Workshop series illustrates LawTech’s broad impact on legal sector

The wide-ranging impact of new technology on the legal services sector was illustrated across a series of workshops organised by the University of Oxford during the Autumn 2019 (Michaelmas) term. The workshops, which are open to anyone interested in the subject, are organised by members of the AI for English Law research team.

The term’s first presentation, delivered by the University of Oxford’s Dr Adam Saunders, Dr Max Ahrens and Dr Matthias Qian, showcased their new “big data”-driven research. This research explores the evolving prevalence of LawTech skills requirements in legal services job adverts, both domestically and internationally. The team’s initial findings suggest that certain specific LawTech skills have become notably more prevalent in these job adverts in recent years. However, the overall percentage of adverts requiring those LawTech skills remains very low, the research also found. Percentages also vary sharply by location, and by specific LawTech capabilities.

During October, a talk delivered by the University of Sheffield’s Dr Nikolaos Aletras explored the challenges of using a variety of natural language programming (NLP) and machine learning techniques to predict outcomes of rulings delivered by the European Court of Human Rights (ECHR). This research aims to predict, given a set of facts, whether the court would find that any human rights articles or protocols had been violated, which specific articles or protocols had been violated – if any – and the overall importance of the case.

Research conducted by Dr Aletras’ team suggested that it is notably easier to predict whether or not any violations had occurred, compared with predicting which – if any – specific provisions had been violated. It was also very hard to predict the importance of a case, based on the facts presented alone. For that reason, Dr Aletras suggested that humans should not be taken out of the loop when making ECHR outcome predictions.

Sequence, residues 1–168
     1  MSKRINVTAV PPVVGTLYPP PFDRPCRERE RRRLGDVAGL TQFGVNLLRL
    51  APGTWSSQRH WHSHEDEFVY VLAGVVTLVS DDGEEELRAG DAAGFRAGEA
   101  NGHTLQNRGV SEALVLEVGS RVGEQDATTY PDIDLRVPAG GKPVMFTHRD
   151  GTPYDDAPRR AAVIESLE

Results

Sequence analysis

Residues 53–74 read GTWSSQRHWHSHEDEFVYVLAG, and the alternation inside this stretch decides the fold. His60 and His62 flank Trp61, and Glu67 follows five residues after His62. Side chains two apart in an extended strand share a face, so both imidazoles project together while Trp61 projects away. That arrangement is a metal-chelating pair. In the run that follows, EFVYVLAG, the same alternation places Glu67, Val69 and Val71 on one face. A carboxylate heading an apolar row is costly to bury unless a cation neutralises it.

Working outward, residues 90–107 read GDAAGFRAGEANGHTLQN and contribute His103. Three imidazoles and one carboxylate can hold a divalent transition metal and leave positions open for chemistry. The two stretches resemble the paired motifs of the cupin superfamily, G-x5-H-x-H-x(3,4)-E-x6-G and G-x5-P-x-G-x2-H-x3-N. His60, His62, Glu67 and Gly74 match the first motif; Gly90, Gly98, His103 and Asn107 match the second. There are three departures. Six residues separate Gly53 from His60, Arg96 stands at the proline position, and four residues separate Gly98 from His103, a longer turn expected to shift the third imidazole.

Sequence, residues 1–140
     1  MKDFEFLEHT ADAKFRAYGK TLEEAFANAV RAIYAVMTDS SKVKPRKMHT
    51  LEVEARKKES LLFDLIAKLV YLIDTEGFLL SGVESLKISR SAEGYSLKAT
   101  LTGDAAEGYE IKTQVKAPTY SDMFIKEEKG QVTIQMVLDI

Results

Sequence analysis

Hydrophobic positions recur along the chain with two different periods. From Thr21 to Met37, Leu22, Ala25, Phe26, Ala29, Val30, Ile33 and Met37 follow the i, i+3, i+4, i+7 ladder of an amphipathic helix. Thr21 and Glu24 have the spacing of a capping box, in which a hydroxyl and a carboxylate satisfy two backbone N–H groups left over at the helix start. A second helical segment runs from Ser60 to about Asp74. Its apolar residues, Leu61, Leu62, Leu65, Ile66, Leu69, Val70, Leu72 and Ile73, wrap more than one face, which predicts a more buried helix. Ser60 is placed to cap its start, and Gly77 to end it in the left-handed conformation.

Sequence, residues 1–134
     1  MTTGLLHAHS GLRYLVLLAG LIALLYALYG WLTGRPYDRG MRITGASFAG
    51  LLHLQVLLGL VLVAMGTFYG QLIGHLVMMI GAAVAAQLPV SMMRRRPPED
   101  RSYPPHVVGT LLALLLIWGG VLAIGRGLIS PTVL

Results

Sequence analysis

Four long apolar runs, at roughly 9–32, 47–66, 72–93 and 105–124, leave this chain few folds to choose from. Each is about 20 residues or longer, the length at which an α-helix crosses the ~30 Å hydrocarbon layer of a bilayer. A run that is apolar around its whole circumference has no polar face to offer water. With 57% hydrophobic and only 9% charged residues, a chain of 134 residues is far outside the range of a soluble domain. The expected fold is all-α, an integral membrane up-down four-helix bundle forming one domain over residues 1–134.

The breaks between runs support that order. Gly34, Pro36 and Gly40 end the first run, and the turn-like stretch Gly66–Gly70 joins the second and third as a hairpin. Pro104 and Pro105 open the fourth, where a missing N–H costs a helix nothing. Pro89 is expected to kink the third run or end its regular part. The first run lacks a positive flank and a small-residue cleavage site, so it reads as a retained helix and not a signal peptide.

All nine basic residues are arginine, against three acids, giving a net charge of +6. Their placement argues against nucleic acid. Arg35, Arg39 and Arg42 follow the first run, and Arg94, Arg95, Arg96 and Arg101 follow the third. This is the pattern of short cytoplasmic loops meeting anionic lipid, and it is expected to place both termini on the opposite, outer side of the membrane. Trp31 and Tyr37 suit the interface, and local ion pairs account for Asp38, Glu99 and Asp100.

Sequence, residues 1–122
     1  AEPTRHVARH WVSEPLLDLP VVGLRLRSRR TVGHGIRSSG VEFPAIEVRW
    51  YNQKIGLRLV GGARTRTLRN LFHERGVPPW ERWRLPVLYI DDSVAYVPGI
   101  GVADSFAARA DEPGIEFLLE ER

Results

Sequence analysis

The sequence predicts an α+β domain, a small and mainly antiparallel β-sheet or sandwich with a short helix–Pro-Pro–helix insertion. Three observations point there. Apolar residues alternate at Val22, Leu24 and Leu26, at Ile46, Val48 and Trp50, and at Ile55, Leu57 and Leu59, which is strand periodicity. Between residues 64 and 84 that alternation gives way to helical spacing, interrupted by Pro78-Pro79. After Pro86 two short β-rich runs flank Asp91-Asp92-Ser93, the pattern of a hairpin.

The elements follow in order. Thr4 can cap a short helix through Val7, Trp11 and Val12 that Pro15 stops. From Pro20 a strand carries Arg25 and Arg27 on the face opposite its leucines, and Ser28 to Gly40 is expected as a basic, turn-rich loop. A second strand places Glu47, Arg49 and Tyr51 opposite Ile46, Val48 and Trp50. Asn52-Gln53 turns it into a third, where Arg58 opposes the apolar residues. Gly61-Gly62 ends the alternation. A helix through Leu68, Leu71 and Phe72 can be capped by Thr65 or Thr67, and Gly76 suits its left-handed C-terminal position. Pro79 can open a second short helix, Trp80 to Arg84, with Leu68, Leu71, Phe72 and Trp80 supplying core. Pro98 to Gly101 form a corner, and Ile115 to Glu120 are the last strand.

Later in the month, Dr Thomas Hellman from the Saïd Business School spoke about the challenges of promoting AI start-ups, the broader challenges of creating an entrepreneurial ecosystem. Dr Hellman also outlined efforts to launch a Creative Destruction Lab at Oxford. Creative Destruction Labs aims to bring together start-up companies and investors, with the aim of facilitating scale-ups.

Dan Katz presenting at the Michaelmas term workshop series


One person who is involved in both AI software solutions and academia is Professor Daniel Martin Katz. Professor Katz currently works at Chicago Kent College of Law, and also founded LexPredict – a solution which originally intended to predict the voting intention of the US Supreme Court. In November, Professor Katz shared his insights into the current state of the LawTech market.

Beginning his talk with an overview of the global explosion in the number of LawTech companies around the world, Professor Katz then outlined a number of challenges facing the industry. These challenges included the abundance of “vapourware” – products that do not yet exist – over-inflated LawTech company valuations, product pricing peculiarities, the sector’s tendency towards being “hyper-proprietary”, and the lack of end-to-end software solutions. He also indicated that it was not always cost effective to deploy AI-enabled LawTech solutions, when the up-front costs associated cleaning up data, as a prelude to its analysis, were also taking into account.

Aaron Ceross from the University of Oxford rounded off the Michaelmas term’s workshop series, with a talk that explored his “Adventures and Missteps in Legal Scholarship and AI”. Mr Ceross’ research involved investigating whether it is possible to answer legal theory questions by using empirical and computational methods. Mr Ceross’ research explored how this methodology might be applied to specific provisions of the GDPR, using source materials provided by the UK’s data protection authority, the Information Commissioner's Office.

Richard Parnham WP1



The Hilary term workshop series (January-April 2020) is now live and can be viewed through the events tab on the homepage of Unlocking the Potential for AI in English Law.